(Bloomberg) -- The European Commission has been told by a key expert group that planned adjustments to its green rulebook risk raising greenhouse gas emissions and undermining the bloc’s reputation as a bastion for environmentally friendly finance.

The Platform on Sustainable Finance, which is one of just two groups assigned the role of providing official feedback to the EU Commission, said that even the best performing gas-fired facilities couldn’t qualify as green or transition assets, according to a report published on Monday. 

The findings mark the latest body blow to the credibility of Europe’s green rulebook, once touted as an international gold standard in steering capital toward sustainable projects. But the Platform’s findings are unlikely to derail the planned adjustments. At least 20 of the EU’s 27 member states -- representing no less than 65% of the bloc’s population -- would need to unite against the plan for it to fail.

Under the EU Commission’s proposal, which is due to be adopted as soon as this week, “new gas plants could be called green and sustainable, even though they never reach below the average greenhouse gas emissions level for the European grid,” said Nathan Fabian, the Platform’s chair. “These would be polluting plants with no guarantee they will ever be green.”

The Platform pointed out that some of the planned gas facilities may replace coal plants that are already being phased out across much of the region. Bloomberg News first reported the group’s objections on Friday, based on a draft feedback document.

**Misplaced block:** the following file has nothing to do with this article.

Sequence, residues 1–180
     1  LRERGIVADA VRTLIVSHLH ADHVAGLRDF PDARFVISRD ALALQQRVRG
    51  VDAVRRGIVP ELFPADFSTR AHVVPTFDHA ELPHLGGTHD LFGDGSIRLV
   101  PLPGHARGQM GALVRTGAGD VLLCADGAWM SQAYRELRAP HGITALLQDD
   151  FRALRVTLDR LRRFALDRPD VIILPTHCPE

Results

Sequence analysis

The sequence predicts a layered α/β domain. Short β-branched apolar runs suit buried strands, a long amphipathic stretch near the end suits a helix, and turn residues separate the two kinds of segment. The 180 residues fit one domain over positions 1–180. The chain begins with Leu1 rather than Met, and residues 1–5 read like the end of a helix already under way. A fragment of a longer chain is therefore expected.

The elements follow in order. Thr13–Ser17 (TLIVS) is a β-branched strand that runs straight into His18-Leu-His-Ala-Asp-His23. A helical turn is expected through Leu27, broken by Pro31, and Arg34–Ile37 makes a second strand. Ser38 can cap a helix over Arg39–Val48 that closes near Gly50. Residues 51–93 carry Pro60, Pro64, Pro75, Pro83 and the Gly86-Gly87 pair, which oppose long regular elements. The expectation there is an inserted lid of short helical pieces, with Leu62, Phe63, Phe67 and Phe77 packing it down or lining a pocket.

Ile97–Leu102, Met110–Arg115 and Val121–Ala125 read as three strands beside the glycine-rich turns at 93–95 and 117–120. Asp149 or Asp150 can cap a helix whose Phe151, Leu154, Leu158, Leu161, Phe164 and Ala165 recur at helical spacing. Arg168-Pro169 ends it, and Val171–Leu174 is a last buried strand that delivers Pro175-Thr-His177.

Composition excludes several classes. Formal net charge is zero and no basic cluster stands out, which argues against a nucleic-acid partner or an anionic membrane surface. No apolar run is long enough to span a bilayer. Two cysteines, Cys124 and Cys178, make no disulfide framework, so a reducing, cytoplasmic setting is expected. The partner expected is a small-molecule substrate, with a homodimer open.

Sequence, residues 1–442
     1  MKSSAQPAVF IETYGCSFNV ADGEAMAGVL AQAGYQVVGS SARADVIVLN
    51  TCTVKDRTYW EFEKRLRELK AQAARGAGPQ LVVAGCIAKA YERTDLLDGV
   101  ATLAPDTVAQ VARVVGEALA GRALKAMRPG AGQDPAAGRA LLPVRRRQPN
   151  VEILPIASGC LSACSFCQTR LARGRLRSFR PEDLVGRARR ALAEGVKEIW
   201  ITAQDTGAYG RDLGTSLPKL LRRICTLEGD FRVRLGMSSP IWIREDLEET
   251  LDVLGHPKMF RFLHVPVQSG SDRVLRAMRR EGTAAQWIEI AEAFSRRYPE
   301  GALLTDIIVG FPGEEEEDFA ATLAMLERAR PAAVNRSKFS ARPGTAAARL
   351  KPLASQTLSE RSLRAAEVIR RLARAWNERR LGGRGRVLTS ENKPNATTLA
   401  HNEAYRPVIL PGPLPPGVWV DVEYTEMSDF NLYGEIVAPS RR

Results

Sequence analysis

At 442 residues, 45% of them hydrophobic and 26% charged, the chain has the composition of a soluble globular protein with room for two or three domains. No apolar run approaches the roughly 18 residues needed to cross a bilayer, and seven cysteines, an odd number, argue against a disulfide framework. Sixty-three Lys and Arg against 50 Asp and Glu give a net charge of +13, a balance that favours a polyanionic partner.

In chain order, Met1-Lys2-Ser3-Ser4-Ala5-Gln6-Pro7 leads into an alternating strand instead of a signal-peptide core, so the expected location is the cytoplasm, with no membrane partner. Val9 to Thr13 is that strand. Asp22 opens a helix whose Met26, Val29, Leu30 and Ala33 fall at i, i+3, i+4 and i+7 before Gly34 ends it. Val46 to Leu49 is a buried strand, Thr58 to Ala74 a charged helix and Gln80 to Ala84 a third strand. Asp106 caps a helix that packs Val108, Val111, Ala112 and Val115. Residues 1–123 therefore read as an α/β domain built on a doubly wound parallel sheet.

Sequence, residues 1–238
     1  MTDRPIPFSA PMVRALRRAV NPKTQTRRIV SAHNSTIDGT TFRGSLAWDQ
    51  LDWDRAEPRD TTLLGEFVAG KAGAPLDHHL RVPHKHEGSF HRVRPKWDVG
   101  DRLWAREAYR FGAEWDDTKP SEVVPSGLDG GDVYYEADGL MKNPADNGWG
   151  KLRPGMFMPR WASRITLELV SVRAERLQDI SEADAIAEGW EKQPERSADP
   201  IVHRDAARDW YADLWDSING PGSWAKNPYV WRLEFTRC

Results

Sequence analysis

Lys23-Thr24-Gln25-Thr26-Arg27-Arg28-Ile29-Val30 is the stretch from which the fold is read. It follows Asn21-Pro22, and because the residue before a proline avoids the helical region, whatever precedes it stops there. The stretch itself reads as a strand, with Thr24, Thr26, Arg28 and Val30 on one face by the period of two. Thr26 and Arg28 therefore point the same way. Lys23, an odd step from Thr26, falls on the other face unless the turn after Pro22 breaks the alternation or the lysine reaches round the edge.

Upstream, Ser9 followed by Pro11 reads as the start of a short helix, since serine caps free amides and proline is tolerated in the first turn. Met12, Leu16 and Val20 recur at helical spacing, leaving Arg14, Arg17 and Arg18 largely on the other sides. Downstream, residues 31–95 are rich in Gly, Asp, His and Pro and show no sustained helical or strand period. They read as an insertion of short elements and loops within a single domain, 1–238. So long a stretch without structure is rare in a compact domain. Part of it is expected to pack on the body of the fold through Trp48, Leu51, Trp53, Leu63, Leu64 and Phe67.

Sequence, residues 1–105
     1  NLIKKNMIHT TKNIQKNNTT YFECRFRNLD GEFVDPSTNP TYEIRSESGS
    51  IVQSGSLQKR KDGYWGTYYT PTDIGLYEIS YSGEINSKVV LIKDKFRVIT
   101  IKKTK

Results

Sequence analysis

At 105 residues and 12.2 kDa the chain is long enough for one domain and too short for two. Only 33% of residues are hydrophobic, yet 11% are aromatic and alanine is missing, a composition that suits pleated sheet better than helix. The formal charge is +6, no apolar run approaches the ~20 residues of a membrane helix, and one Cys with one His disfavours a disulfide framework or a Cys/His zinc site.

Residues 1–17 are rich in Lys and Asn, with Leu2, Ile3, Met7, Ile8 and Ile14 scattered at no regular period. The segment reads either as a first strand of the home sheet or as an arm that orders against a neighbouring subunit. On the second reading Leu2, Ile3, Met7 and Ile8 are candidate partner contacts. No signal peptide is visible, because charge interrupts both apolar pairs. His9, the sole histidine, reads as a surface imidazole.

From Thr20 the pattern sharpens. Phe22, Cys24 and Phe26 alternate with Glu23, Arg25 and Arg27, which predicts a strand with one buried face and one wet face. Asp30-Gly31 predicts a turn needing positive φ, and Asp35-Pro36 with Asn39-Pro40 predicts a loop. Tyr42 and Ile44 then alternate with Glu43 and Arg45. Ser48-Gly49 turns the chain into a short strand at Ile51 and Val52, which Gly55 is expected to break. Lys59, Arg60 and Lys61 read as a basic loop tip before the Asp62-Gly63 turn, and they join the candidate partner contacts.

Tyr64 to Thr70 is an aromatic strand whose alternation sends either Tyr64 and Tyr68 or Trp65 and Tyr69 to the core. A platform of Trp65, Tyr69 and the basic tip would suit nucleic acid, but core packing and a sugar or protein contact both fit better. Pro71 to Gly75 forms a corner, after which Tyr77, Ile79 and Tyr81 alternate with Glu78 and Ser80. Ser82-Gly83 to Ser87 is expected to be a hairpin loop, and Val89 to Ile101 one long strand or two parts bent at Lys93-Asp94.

The focus “on replacing coal fired energy generation is clear, but the net greenhouse gas emissions benefit arising from such a switch is not certain,” it said. “This is because 59 gigawatts of coal-fired capacity in Europe is already due to be phased out by 2035.”

In a letter sent to Brussels late Friday, Germany said that it opposed the inclusion of gas as a sustainable source of energy, but supported a temporary green label for gas to transition from coal. France meanwhile, has thrown its support behind nuclear, on the basis that the energy form doesn’t produce carbon dioxide and is seen as a reliable power source as infrastructure for renewables is built. Critics argue that the EU’s proposal doesn’t adequately deal with risks relating to nuclear waste. 


The EU’s proposal has drawn sharp rebukes from members of civil society, climate activists, lawmakers and major investor groups. They warn that the perceived dilution of the green rulebook means Europe may not meet its legal obligation to achieve climate neutrality by mid-century. Think tank E3G last week called on the EU Commission to withdraw or drastically amend the complementary delegated act that paves the way for the taxonomy to add gas and nuclear.

The Platform also warned that plans to switch to renewable or low-carbon gases by the end of 2035 could result in an increase in emissions at the plants if so-called grey or blue hydrogen is used for blending.  

The body, made up of key civil society groups, banks and companies like Airbus SE, will recommend to the Commission that adjustments to grant the green label to gas and nuclear during the transition should be abandoned. Bloomberg LP, the parent company of Bloomberg News, is a member of the Platform.

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